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Tibial Anterior Compartment Syndrome.

Authors

Kiel J1, Kaiser K1.

Source

StatPearls [Internet]. Treasure Island (FL): StatPearls Publishing; 2019-.
2019 Apr 2.

Author information

1
University of Kentucky

Excerpt

Compartment syndrome occurs when the tissue pressure within a given compartment exceeds the perfusion pressure of the arterial supply resulting in ischemia to the muscles and nerves of the compartment. The etiology is varied; however, most commonly it is related to acute trauma or overuse syndrome. In the leg, this can occur in any of the four compartments: anterior, lateral, superficial posterior, or deep posterior. Compartment syndrome can occur in other places in the body as well including the thigh, forearm, hand, and wrist. The muscles of the anterior compartment of the leg contain the tibialis anterior, extensor digitorum longus, extensor hallucis longus, and fibularis tertius. In general, the muscles are responsible for dorsiflexion and participate in eversion and inversion of the foot and ankle. Specifically, the tibialis anterior dorsiflexes and inverts the foot. The extensor digitorum longus extends digits 2 to 5 and dorsiflexes the ankle while the extensor hallucis longus is responsible for extension of the 1st digit and also dorsiflexes the ankle. The fibularis tertius aids in dorsiflexion and eversion. The leg's anterior compartment is supplied by the deep fibular nerve (L4, L5, S1), which is a branch of the common fibular nerve. Blood flow is supplied by the anterior tibial artery which is a branch of the popliteal artery and transitions to the dorsalis pedis artery as it crosses into the foot. The borders of the anterior compartment are the anterior tibia, anteromedial fibula, interosseous membrane, and the anterior intermuscular septum.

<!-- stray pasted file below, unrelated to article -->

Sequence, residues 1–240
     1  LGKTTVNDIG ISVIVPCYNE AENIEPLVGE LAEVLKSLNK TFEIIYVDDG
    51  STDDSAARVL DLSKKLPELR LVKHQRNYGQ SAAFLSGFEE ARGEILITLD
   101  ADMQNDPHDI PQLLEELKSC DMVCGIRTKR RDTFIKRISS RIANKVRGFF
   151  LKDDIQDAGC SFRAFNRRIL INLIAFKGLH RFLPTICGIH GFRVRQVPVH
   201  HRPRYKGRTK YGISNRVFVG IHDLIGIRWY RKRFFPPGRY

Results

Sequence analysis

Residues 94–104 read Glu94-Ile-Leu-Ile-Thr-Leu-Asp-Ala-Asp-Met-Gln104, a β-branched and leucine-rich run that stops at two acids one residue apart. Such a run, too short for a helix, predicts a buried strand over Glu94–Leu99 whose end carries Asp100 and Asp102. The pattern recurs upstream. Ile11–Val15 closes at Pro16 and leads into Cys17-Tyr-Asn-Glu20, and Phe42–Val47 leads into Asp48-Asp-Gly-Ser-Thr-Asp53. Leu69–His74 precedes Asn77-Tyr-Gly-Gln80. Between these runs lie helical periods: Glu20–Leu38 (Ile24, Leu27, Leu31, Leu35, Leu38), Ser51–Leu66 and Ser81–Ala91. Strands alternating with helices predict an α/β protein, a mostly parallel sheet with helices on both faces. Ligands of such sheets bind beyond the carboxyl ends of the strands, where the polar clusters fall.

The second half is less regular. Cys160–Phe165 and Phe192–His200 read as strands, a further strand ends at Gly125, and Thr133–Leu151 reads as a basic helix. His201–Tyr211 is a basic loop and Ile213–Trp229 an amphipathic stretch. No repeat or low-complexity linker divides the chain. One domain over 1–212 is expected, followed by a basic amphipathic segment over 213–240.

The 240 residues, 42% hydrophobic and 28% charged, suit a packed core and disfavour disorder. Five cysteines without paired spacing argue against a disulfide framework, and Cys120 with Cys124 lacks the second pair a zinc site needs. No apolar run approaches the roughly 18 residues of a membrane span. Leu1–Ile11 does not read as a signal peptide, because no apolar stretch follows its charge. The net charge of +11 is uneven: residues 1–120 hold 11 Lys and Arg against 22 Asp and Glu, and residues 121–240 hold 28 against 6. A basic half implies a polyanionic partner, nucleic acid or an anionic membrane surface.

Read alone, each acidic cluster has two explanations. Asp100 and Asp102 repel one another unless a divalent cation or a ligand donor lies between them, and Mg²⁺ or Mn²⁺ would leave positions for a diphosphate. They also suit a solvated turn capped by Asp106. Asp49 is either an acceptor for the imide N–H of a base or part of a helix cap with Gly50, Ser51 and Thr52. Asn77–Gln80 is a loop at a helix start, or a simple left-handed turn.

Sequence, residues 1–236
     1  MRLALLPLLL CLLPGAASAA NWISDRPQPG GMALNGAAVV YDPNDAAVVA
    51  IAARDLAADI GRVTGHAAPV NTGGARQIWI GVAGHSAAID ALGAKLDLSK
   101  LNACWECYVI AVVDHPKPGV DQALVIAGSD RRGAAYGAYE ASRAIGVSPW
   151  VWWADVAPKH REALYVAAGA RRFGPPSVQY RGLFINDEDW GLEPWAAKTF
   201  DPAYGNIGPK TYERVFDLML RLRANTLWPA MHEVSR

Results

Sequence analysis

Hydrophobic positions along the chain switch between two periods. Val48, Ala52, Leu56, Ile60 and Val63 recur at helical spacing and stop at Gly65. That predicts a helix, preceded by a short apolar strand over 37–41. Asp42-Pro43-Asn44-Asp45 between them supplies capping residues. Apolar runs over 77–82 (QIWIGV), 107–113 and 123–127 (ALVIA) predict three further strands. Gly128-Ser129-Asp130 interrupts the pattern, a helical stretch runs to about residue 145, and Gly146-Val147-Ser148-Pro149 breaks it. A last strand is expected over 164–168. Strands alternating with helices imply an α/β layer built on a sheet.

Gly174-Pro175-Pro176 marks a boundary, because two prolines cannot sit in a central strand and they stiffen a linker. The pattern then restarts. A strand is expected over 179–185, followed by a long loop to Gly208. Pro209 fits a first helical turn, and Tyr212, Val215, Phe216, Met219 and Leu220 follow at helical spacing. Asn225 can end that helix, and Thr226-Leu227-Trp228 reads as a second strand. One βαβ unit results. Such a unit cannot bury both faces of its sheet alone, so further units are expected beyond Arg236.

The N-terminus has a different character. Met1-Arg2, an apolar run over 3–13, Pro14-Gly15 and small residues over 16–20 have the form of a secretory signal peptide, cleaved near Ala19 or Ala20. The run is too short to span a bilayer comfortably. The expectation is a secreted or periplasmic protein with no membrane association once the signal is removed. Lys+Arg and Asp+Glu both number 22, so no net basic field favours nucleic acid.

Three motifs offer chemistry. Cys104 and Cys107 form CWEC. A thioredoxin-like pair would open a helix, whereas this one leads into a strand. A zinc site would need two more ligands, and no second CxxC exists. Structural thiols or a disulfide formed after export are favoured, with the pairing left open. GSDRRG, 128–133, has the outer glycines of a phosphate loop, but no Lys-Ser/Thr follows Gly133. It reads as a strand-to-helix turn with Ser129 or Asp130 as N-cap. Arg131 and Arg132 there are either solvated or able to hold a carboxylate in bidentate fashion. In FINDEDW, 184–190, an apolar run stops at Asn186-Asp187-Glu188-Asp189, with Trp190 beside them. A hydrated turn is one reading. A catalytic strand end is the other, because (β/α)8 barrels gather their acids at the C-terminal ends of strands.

Copyright © 2019, StatPearls Publishing LLC.

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